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Math Help - Zeros and end behaviour polynomial curve

  1. #1
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    Zeros and end behaviour polynomial curve

    Okay, so it's exam review time... long story short, I remember a couple of methods of finding the zeros of a polynomial function. One is by using my calculator :P if it's cubic or quadratic.

    The other was to use the synthetic division, and another: long division.

    I have a feeling I'm missing something here. Could you guys help me out. The review question is:

    States the zeros and end behaviour of the following function:

    f(x)= 2x^3 + 3x^2 - x + 2
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  2. #2
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    Quote Originally Posted by mike_302 View Post
    Okay, so it's exam review time... long story short, I remember a couple of methods of finding the zeros of a polynomial function. One is by using my calculator :P if it's cubic or quadratic.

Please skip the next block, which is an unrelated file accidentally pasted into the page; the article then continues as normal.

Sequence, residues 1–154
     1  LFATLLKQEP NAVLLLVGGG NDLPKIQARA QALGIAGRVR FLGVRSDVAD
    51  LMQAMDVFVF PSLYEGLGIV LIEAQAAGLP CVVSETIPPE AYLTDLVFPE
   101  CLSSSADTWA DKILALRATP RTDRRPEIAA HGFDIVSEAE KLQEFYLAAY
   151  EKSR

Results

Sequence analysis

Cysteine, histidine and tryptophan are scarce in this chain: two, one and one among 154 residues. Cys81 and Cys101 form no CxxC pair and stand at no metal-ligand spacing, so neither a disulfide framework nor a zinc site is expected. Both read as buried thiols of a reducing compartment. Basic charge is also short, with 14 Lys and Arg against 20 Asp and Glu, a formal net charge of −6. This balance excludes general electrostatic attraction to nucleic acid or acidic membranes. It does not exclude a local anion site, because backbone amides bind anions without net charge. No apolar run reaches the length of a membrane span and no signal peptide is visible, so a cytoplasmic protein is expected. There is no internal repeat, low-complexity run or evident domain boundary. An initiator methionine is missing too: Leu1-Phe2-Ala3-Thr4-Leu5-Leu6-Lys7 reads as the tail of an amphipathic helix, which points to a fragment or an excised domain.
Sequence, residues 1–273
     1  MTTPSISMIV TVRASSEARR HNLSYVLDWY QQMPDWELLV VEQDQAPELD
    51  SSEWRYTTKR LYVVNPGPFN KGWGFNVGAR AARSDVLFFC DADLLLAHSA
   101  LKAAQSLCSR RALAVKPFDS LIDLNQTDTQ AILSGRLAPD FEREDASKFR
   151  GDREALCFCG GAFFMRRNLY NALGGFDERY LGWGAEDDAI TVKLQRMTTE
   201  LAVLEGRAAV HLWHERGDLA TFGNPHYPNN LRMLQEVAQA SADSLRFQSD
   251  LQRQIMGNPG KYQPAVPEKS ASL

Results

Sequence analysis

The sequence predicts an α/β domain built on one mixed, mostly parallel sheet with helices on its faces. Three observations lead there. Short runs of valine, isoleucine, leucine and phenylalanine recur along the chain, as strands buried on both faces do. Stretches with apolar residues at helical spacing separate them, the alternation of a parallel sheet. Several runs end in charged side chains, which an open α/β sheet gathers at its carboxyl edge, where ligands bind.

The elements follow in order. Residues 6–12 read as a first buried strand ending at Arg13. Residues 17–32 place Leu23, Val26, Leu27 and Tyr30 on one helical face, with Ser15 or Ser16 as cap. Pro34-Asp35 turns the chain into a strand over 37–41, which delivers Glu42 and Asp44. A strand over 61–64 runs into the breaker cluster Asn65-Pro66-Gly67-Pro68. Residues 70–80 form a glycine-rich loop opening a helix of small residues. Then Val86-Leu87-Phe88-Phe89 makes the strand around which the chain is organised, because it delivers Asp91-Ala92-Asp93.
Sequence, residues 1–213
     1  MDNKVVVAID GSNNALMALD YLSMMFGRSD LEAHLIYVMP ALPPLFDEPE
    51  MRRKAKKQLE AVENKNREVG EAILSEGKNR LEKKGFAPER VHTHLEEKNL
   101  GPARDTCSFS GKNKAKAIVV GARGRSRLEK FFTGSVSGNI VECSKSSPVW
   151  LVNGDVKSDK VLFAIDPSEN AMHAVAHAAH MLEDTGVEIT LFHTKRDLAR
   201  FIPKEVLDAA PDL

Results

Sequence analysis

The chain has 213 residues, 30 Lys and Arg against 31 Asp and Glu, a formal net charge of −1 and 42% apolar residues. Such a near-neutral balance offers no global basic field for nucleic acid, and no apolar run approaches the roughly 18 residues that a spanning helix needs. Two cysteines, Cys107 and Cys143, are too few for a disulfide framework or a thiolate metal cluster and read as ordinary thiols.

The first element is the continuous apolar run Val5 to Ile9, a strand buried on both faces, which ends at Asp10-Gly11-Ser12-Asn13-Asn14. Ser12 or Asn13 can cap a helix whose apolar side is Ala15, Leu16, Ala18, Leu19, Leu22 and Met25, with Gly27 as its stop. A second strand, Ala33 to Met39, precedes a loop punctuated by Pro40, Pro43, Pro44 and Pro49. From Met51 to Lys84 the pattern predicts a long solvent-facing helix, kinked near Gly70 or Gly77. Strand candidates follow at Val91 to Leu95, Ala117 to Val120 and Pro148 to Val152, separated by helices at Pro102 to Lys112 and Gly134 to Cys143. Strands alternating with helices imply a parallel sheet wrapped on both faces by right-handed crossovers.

The other was to use the synthetic division, and another: long division.

    I have a feeling I'm missing something here. Could you guys help me out. The review question is:

    States the zeros and end behaviour of the following function:

    f(x)= 2x^3 + 3x^2 - x + 2
    I'm afraid there isn't really any special hints and tips apart from trying out a few values until you get a zero!

    For example, you get a zero for x = -2. Which means that x+2 is a factor.

    Use long division, or indeed synthetic division, to divide 2x^2+3x^2-x+2 by (x+2), and the result will be a quadratic of the form ax^2+bx+c

    Then simply write the function as f(x) = (x+2)(ax^2+bx+c) = 0 ... and then use normal quadratic methods to factorise the quadratic and find the other two roots! (or use the quadratic formula).
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